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Jarrett Excited for his 8th WNFR

COMANCHE, Okla. – There’s no “been there done that” approach to the Wrangler National Finals Rodeo.

It’s the sport’s premier championship, and the Thomas & Mack Center is a cherished place for 10 December nights. From NFR rookies to its veterans, there is great anticipation for the race to the world titles Dec. 1-10.

“Roping in that arena is something I’ve thought about for a long time,” said Ryan Jarrett, a nine-time NFR qualifier from Comanche. “It doesn’t matter if it’s the first time or the 10th time, it’s always exciting to go there and rope.”

Jarrett has been there, and he’s done that. He’s had great NFRs, and he’s had ones he’d like to forget. That’s the nature of rodeo in general; win a championship one day and miss the loop the next. In 2005 during his first appearance, he won the most coveted title in the sport, the all-around world championship, after a terrific finale in both tie-down roping and steer wrestling, his first two qualifications.

Ryan Jarrett

Ryan Jarrett

He returns to the NFR for the eighth time in his career. It’s a special moment.

“I would just like for it to go a little better than the 2015 finals did,” he said. “We had the biggest increase in the payout, and I won less at the NFR than I ever have. I was a little disappointed.”

He was more than a little frustrated. It lit a fire in him, and that’s what boosted him to earn $73,400 to finish this regular season 10th in the world standings. Jarrett found his way to the pay window often, from south Texas to north of the Canadian border.

He started off the season on a hot streak and actually had one of the best winter runs of his career. That put him in the lead in both the all-around and tie-down roping world standings the first of May and served as the lighting rod to a strong season – he finished the season with nearly $12,000 earned in other events, but the bulk of his income came in tie-down roping.

“I had the right success at the right places,” said Jarrett, who lives in Comanche with his wife, Shy-Anne, a professional barrel racer. “Probably the biggest one came in Austin, Texas. It was good, and it put me in a good spot at the right time.”

Jarrett finished the tournament-style rodeo second but pocketed more than $12,000 along the way in the Lone Star State’s capital city. That money is vital in rodeo. Not only do they help pay the bills, but dollars equal points. That means the contestants in each event who earn the most money by season’s end will be crowned world champions.

A key to his ingredient toward Vegas came in the Wrangler Champions Challenges, a series of lucrative events that feature only the top contestants in the game. Jarrett won the tie-down roping titles at Champions Challenges in Kissimmee, Fla., and Rapid City, S.D., but he also caught some big payouts at other events.

“I would say drawing the right calves and having lots of confidence are important when you get on those rolls,” he said. “If you have the confidence then draw the right calf, I know I can tie him easy to win firs tor second, and you feel good about it. You don’t go in there thinking your back’s against the wall.”

He’s hoping that roll continues in Las Vegas. The NFR boasts of an $8.8 million purse, and go-round winners will earn $26,000 per night for 10 nights. Because he’s had such great success in the Champions Challenge events, he’s taking a similar approach to each performance inside the Thomas & Mack Center.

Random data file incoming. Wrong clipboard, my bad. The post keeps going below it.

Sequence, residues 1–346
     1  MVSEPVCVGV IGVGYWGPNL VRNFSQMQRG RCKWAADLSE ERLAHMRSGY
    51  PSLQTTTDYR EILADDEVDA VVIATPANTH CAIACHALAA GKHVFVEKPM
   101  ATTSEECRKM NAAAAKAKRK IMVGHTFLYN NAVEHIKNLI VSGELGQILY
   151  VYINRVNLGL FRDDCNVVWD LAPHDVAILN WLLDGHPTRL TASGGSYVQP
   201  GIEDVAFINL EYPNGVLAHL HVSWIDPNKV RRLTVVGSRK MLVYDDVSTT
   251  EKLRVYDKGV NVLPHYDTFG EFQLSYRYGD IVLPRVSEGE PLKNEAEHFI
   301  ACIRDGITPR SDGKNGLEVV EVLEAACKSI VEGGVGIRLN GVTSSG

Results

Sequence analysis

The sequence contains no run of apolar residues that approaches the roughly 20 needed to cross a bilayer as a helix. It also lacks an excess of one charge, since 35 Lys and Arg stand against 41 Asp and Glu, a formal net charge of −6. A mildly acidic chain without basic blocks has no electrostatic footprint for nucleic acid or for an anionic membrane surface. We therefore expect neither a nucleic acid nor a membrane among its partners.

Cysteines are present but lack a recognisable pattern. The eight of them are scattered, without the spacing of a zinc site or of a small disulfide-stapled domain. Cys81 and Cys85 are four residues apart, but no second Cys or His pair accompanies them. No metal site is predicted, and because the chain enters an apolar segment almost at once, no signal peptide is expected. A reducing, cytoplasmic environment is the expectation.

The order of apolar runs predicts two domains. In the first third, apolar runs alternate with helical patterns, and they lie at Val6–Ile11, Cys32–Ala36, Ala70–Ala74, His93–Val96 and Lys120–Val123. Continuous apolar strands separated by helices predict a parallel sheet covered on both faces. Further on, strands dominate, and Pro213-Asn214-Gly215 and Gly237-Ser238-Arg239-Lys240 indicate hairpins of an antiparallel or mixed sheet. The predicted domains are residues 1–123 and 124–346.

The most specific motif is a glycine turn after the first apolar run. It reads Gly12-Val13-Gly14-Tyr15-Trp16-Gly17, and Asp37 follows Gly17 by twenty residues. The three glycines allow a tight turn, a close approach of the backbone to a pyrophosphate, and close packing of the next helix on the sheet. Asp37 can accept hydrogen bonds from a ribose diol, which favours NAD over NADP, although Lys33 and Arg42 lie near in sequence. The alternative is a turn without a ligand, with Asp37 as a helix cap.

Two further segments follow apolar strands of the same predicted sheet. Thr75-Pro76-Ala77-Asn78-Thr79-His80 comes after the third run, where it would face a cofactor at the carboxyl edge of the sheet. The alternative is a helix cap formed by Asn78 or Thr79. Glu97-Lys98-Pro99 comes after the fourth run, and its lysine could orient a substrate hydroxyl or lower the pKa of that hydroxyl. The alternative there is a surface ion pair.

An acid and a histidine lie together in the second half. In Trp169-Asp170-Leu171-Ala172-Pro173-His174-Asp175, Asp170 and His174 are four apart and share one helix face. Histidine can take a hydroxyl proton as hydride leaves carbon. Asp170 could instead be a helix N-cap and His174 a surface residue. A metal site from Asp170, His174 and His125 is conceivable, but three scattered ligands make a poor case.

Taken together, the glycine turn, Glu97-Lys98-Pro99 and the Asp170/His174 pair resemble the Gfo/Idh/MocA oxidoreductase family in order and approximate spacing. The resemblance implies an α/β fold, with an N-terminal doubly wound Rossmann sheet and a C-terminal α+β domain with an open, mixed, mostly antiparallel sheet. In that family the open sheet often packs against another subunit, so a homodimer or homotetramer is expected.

“Those Champions Challenges are all just one-headers,” he said, pointing out that contestants make one run or one ride, and the fastest time or best score wins the lion’s share of the money. “That’s why I’m excited about the NFR. It’s just 10 one-headers.”

While there is plenty of incentive maintain consistency – the best 10-run cumulative time will win the coveted NFR average championship and more than $67,000 for doing so – Jarrett looks at those round payouts as a way to earn his way to the top. He trails world standings leader Marcos Costa by $52,123, but he pass Costa with two round wins.

“I don’t really put a goal out there as far as dollars or number of go-rounds that I want to win,” Jarrett said. “I just want to hopefully draw good and stay healthy. If you can do that and make good runs, they’ll pay you.

“We’re the top 15 in the world, so you have to get close to the barrier, get them tied up fast, and a guy’s going to win his fair share. A guy’s just got to do it 10 nights in a row.”

There are a number of factors that come into play, even with the greatest tie-down ropers in the game. It takes skilled ropers and talented horses to help make fast runs, which are necessary in the small arena in Las Vegas.

“I’d say having the horsepower is key to having success out there,” he said. “When you have the right horsepower, things feel good, I feel confident and it makes the winning a lot easier. It’s going to be a fast-paced roping.”

While at the NFR, he will have his solid sorrel gelding, Barney, the horse Jarrett rode while earning a big bucket of money this season, including for the Austin title. He also will enlist the services of T.J., a gray horse owned by Logan Bird of Nanton, Alberta. Shane Hanchey placed in four go-rounds on T.J. last December, and Jarrett placed in the 10th round on the 13-year-old gelding. Just two weeks ago, Bird won the average championship on T.J. at the Canadian Finals Rodeo.

“I rode him at the CFR last year and at several Canadian rodeos in 2015,” Jarrett said. “I rode him this year to win Tucson (Ariz.) and the Champions Challenge in Rapid City.”

That winning formula is another reason why the Georgia-born cowboy is excited for this year’s NFR. He’s traveled tens of thousands of miles across North America in order to make a run for the biggest payday of 2016.

Now he’s ready for it to pay off.

Courtesy of twisTEDrodeo.com